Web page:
© Greenpeace

Achtung! In diesem Beitrag von Greenpeace über Plastikverschmutzung in den Meeren ist ein sehr blutiges Video von einer Schildkröte eingebaut, das zeigt wie unter Qualen ein Strohhalm aus dem Nasenloch des Tiers herausgezogen werden muss. Nichts für schwache Nerven!

Greenpeace, 10.03.2019, Autorin: Ariana Densham

Millions of straws are used every day around the world. Many of these are used for just a few minutes, then are simply thrown away. In fact plastic straws are one of the top 10 items found in beach clean ups.

I’ve seen this for myself. When I was in the Philippines last year, I collected more than 50 straws from a small area of a beach in just 20 minutes.

In the ocean, plastic does not biodegrade. Instead it just breaks down into smaller pieces over hundreds of years, and it’s impossible to clean up. With up to 12 million tonnes of plastic clogging up the oceans every year, it’s no wonder wildlife is facing the brunt of the impacts.

More than 10 million people have seen this video of a sea turtle with a straw stuck up its nostril:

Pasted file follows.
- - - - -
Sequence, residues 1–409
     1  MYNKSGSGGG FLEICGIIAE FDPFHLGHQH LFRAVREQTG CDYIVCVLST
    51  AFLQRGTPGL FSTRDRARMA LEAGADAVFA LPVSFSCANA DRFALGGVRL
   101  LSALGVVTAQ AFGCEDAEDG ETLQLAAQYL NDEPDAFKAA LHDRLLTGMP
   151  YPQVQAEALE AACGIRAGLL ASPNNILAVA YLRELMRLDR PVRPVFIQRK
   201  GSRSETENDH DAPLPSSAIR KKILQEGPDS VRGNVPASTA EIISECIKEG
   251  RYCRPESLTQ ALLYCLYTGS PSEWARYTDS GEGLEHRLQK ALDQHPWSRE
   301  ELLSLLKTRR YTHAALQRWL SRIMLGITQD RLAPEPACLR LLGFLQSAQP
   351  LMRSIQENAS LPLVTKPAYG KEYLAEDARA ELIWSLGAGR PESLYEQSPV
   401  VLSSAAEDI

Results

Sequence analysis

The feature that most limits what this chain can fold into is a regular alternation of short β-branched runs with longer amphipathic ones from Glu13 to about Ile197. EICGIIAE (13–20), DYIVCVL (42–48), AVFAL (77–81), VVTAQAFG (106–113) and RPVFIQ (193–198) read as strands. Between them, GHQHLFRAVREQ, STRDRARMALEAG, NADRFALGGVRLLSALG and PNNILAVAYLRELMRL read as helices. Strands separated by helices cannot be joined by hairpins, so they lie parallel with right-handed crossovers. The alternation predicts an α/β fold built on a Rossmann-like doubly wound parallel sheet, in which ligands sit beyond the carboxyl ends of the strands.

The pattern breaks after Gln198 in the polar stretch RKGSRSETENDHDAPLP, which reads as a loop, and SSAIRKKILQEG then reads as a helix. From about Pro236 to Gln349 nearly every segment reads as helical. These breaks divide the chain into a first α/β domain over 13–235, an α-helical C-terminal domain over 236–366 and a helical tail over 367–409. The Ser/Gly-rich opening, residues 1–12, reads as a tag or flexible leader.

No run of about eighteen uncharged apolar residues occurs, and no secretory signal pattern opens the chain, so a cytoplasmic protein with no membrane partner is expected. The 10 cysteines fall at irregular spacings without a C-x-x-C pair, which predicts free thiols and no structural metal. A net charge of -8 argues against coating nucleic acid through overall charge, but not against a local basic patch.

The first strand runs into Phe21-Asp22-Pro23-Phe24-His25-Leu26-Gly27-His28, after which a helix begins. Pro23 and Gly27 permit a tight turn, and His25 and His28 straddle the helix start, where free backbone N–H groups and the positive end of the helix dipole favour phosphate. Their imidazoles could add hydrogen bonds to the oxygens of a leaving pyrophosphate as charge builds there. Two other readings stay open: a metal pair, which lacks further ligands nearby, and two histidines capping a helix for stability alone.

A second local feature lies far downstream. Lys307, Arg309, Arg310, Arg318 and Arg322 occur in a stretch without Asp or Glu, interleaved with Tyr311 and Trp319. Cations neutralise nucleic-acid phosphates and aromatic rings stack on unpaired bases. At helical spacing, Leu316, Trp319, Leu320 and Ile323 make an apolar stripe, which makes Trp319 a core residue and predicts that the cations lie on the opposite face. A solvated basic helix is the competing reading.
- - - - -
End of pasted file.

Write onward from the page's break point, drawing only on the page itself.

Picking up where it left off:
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Video-Link: https://www.youtube.com/watch?v=4wH878t78bw&feature=youtu.be

Source: https://www.youtube.com/watch?v=4wH878t78bw&feature=youtu.be

It’s distressing watching, but also a grim reminder of the impacts of the plastic we throw away.

Plastic bags and toothbrushes have also been found inside the stomachs of sea turtles – in fact, 1 in 3 sea turtles have eaten marine plastic.

Not only are straws made from fossil fuels (which unnecessarily contributes to climate change) but they are also completely unnecessary for most people!

Next time you’re at a bar, ask for your drink without a straw and at home, keep a reusable one on hand. […]

Den gesamten Artikel findet ihr hier.

Greenpeace: https://www.greenpeace.org/international/

Mehr Informationen über Alternativen zu Plastik findet ihr hier.

 

 

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